• September 30, 2014

Ryobi 10 inchUpdate (September 30, 2014): Any experience with the table saw pictured at left or one like it? Do you think that experience would make you a better juror or a worse one in a case against a saw manufacturer based on a user’s serious table saw injury?

I suppose that would depend on whether you loved the product or hated the product, or whether you have little recollection about your experience and no opinion one way or the other about the product and about its safety (or lack of safety)? Whether you or your employer sells the product? Whether you or someone close to you was injured while using the product?

What if you found the yellow/gray-tinted blade guard shown above difficult to work with? When you used it, you could not really tell precisely where the wood was being cut. (Not only is it tinted. It is lined on the inside with saw dust after every cut.) What if you disassembled the safety device soon after purchase and used the saw with the safety device disabled for years, exercising extreme caution because the machine scared the bejeezus out of you and you are uncoordinated and accident-prone? (This paragraph, by the way, is a description of my experience of a similar product 20 or so years ago, for what it’s worth.)

At one point in this line of questioning do you think you would be excused from serving on the jury of this trial, scheduled to begin on October 14 in Duluth?

We do not know who will serve on the jury of this case if it really goes to trial in mid-October in Duluth, as scheduled, but we know it will be a panel of Minnesotans called to duty who will be called upon to set aside all of their previous knowledge, information, predispositions, and biases as best they can to decide the case on the evidence at trial. They will listen to the testimony and the evidence and they will decide whether defendants are liable to the plaintiff under the law or not and, if so, how much the plaintiff should recover as damages for his injury. (Or the case will settle before they decide.) (Don’t bet on it.)

(Here is the current state of the disputed “Joint Statement of the Case,” which lays the case out. Note the subtle analysis of “assumption of risk,” one of the many legal terms that is known by many and understood by none.)

Update (May 27, 2014): All of the lawyers agreed that Minneapolis would be preferable for the jury trial set to go forward in Duluth in October but U.S. District Court Judge Patrick J. Schiltz (D. Minn.) will stick with Duluth, where the case was assigned. (An aside: the defendant made the jury trial demand in this case. Conventional wisdom is for plaintiffs to want a jury and for defendants to want the judge to decide the case. I, for one, am not a big believer in “conventional wisdom.” The case still might settle, of course, but we might get to see whether bucking conventional wisdom pays off for the defendants in this case.)

Original post (April 15, 2014): (under subject line: Thull v. Techtronic et al.: A Product Liability Challenge Headed for Trial): It’s tax day. If we lived in an extreme “dog eat dog” libertarian society, presumably we would be paying far lower taxes. Instead, the poor, the vulnerable, and the exploited would be taxed directly, in a sense, by the rich and the powerful. To some extent, taxation in our society is exactly what some of its harshest critics say, wealth redistribution. Like a lot of civil litigation, actually.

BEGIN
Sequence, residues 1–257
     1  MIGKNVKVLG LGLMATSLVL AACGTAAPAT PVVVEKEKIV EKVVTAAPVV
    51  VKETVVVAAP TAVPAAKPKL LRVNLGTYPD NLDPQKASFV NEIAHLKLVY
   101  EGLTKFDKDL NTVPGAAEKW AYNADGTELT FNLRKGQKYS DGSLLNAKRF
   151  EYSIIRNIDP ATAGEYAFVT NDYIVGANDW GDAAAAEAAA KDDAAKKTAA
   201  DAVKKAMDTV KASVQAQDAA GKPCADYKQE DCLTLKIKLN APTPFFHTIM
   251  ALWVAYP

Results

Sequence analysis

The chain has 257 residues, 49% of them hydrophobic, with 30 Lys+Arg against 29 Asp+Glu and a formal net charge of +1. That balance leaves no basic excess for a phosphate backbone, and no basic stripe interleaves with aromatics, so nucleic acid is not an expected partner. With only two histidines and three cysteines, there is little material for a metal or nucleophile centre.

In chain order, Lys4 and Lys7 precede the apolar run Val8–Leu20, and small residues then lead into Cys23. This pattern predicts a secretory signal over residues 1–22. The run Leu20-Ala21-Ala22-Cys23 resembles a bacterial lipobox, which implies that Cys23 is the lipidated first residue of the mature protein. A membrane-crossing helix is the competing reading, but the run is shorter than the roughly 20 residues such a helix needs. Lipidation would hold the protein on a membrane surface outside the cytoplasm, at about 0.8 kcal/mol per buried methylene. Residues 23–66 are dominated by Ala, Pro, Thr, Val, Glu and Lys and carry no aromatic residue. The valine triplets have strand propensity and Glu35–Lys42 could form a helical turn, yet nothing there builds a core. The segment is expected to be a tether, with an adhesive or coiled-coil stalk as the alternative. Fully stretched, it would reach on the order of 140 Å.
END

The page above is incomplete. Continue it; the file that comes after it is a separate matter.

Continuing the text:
Consider two situations:

1. A table saw, which presents an open and obvious risk of very serious injury, is sold with a safety device designed to prevent users from injury. A user disables the safety device, suffers serious injury, and then sues the table saw manufacturer for selling the “defective” product.

2. A table saw is sold with a supposed safety device that is difficult to use, that cannot be used in all circumstances, that compromises users’ ability to use the table saw by blocking sight of the blade, and, finally, commercially available alternative designs exist that sharply reduce or perhaps even eliminate the risk of injury (for example, SawStop).

Do your sympathies lie with the saw company in the first instance and with the injured person in the second instance?

Dyed in the wool free-market libertarians undoubtedly conclude that the user should suffer the consequences of his purchase and stop blaming other people for his own poor judgment. (Find your arguments here.)

Corporate-bashing bleeding hearts surely think that the saw manufacturers’ profits are sticky with the gore of its customer-victims and that the companies should dig into their deep pockets to help salvage whatever is left of the lives that the company badly damaged. (Find your arguments here.)

The lawyers and the court in the case of Thull v. Techtronic will try to smoke out and remove both the libertarians and liberals from the jury of this case scheduled to go to trial before U.S. District Court Judge Patrick J. Schiltz (D. Minn.) in October in Duluth (assuming they cannot find some common ground to settle in the mean time).

They will have a great deal of work to do before trial begins. Minnesota civil litigators should find the linked pretrial order of Judge Schiltz of some interest. Judges have their own variations on this standard trial document. I think that the thing I like most about Judge Schiltz’s is his limitation to 5 motions in limine per side.

I have had the pleasure of working in a large law firm where lawyers sometimes carpet bomb their adversaries with the shock and awe of excessive motions in limine. And I have had the misfortune of being on the other side of these salvos. When used to excess (by which I mean, without limit), lawyers seem to go overboard and, when they do, the motions generally do not represent a forward step toward fairness or justice (and they are a burden, of course, on the court).

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